Shoups Run

An original H&BT Railroad trestle has survived the test of time at Middletown, Carbon Township, Huntingdon County, where coal trains once traveled over the railroad’s Shoup Run branch. Shoup’s Run stream appears on the right.

Due to a short timeframe in seeking funding for the first phase of the proposed Shoups Run Branch H&BT Rail Trail, members of an ad hoc committee agreed last Wednesday morning to revamp its strategy.

Meeting in the Saxton Borough chambers, members of the planning committee reviewed several options with Brandon Diehl of Earth Wise Consulting, Saxton, about what steps are needed to proceed with the proposed rail-trail project. Leading the discussion were Alan Smith, ad hoc committee chairman and borough council president Lester Meck.

Because the deadlines for submitting funding applications to Huntingdon County’s Act 13 funding program and the Southern Alleghenies Planning and Development Commission’s mini-grant program are at hand, the committee will seek funding during for the next round of applications. In the meantime, the committee will work with Diehl in the search for other funding sources including PennDOT’s Intermodal funding program and the state Department of Conservation and Natural Resources (DCNR).

Diehl stressed that matching funds will be required for most funding programs and agreed to will investigate other funding sources. With more time to seek backing the committee will map out its options and rail-trail development planning.

Much of last Wednesday’s formulating session focused on interconnecting with several local and regional rail systems and Broad Top area heritage sites. The committee members agreed that offering visitors and trail users an abundance of “things to do” around the Broad Top would help sustain the rail-trail project.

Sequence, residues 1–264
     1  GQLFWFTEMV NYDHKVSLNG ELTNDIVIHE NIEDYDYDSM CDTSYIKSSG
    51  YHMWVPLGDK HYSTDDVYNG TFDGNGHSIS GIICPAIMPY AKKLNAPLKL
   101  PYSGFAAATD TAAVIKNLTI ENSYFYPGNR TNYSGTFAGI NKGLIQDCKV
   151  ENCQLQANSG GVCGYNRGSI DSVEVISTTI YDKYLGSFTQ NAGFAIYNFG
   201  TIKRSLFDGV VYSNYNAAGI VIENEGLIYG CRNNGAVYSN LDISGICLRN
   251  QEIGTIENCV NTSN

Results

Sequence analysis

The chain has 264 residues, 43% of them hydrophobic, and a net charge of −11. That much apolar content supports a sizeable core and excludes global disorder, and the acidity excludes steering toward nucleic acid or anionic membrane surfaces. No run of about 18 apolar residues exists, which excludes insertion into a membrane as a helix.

Some examples include the crowd-drawing Raystown Lake, the Mid-State Trail which follows the ridges of Tussey Mountain, Terrace Mountain Trail which boarders the eastern side of the 30-mile long Raystown Lake Recreational Area; Warriors Path and Trough Creek state parks and several heritage sites located in the tri-county Broad Top area.

With ongoing East Broad Top Railroad preservation activities taking place at Robertsdale the committee will also study the possibility of linking the Shoups Run H&BT Rail Trail with the EBT and Robertsdale heritage sites maintained by the Friends of the EBT and the Broad Top Area Coal Miners Historical Society.

Historically speaking, the H&BT and EBT railroads never actually made a physical connection at Broad Top City due to geographical limitations (the “city” is located at the top of Broad Top Mountain) although coal and railroad investors often studied the idea.

The rail-trail committee sees potential in “historically” linking the eastern and western sides of Broad Top Mountain which could serve as a plus in advancing the Shoups Run proposal.

The committee also plans to meet with Carbon and Hopewell township supervisors in Huntingdon County and Liberty Township supervisors in Bedford County to solicit support and involvement in the rail-trail project.

Already, the committee is working with the Bedford County municipality of Broad Top Township which successfully completed the H&BT Rail Trail between Tatesville and “Red Cut,” just north of Riddlesburg, with hopes of utilizing Mackin Engineers & Consultants of Pittsburgh to prepare an initial study necessary to secure state funding for future rail-trail construction (the Pittsburgh firm put together Broad Top Township’s required studies).

The Broad Top Township supervisors continue their negotiations with several private property owners to secure a short stretch of original H&BT Railroad right of way from “Red Cut” to the Warriors Path State Park.

The proposed initial phase of the Shoups Run H&BT Rail Trail project involves a 2.5 mile stretch of original right of way between East Saxton and Middletown, Carbon Township.

Plans include proposed development of shared roadway and railroad right of way from Middletown to the Dudley area as well as an extension of the route through Saxton to connect with the former H&BT right of way which now serves as an access road into Warriors Path State Park.

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